13. St Julian’s residents are rallying to protect one of the oldest preserved streetscapes in the town from development plans they say would destroy the area’s intangible heritage. A development application recently published by the Planning Authority proposes the demolition of a pair of adjacent two-storey houses in the upper part of St Elias Street, to be replaced by a six-storey apartment block. While the houses themselves are believed to hold little heritage value, the area is characterised by a largely uniform row of two-storey houses, many of which have been restored in recent years. “This is the core of St Julian’s. It is within the boundaries of the old walled city, which was mentioned in a census from before the time of the Knights,” resident John Vassallo told the Times of Malta. “Compared to what has happened in Sliema and the rest of St Julian’s, it still has a quaint and picturesque quality.” Mr Vassallo, who is organising opposition to the project, said the proposal would stick out like a sore thumb in the narrow street due to its height and contrasting architectural style. He called for the application to be rejected on the basis of planning policies limiting the...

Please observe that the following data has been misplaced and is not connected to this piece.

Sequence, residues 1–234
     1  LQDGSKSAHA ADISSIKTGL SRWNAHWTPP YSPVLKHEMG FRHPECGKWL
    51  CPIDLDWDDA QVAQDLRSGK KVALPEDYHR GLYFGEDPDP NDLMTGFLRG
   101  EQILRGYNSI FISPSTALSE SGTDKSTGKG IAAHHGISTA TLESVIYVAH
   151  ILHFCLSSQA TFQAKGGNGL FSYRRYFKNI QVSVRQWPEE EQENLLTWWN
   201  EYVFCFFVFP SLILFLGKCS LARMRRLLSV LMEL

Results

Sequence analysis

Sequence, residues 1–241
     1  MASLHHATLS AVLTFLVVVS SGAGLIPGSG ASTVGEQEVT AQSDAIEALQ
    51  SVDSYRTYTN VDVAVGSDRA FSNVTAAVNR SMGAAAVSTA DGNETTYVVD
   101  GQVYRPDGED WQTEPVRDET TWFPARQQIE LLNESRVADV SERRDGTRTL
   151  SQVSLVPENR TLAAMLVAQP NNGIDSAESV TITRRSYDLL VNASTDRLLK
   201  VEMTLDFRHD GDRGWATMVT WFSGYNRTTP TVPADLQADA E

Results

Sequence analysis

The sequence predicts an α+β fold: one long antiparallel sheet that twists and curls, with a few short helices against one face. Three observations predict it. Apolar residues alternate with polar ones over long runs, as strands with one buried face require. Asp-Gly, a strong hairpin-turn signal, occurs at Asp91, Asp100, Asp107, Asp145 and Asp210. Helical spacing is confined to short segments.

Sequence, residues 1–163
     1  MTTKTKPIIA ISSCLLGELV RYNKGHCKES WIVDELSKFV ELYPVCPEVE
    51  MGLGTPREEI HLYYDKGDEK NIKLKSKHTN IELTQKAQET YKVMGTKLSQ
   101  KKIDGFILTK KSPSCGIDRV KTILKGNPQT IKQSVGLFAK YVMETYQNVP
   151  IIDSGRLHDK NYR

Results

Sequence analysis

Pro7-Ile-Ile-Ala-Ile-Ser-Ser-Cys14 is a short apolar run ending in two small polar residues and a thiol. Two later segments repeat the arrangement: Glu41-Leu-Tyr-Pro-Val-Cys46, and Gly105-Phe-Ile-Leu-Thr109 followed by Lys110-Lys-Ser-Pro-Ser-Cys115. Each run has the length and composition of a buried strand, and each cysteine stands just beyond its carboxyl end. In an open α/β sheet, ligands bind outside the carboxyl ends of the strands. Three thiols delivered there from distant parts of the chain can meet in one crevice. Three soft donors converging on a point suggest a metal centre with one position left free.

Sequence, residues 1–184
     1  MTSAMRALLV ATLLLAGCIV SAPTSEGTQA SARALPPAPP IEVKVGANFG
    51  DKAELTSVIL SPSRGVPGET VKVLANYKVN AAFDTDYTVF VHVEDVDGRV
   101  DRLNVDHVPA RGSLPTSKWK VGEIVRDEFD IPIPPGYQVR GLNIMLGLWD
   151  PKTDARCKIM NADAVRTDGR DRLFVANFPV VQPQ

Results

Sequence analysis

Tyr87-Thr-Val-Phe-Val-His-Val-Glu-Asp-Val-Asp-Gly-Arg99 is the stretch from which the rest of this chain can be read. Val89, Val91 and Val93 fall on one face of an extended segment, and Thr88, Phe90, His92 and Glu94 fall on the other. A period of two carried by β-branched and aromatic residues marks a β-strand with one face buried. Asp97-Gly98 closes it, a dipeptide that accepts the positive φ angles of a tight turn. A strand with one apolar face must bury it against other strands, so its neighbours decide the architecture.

14. The million-pound question, right?In the last three years I have not taken a position on whether I think Brexit is the right choice for Britain or not. Why should I? Should a Juventino take sides when watching a match between Man. United and Barcelona? Okay, the tribal instinct is to settle old scores, I grant that, or to figure out with whom best to spar when one’s own tribe enters the arena. But that it is what it is really, tribalism. I like to observe the process from a constitutional standpoint. Constitutional law is, however, never simple. If the people have spoken, and the people are sovereign, although the referendum was consultative, I believe it is the right thing to do to respect their decision. The fact that the referendum process was seriously flawed does not in my view, justify holding a second one at this stage. I say flawed, because the people should have been given a clear option from the start, to choose staying in the union with the new package that David Cameron had ironed out, or leaving with a Brexit package that was clear; the same way Malta had voted on a specific package to enter the Union. But life is rarely lived on logical lines, and we all know that...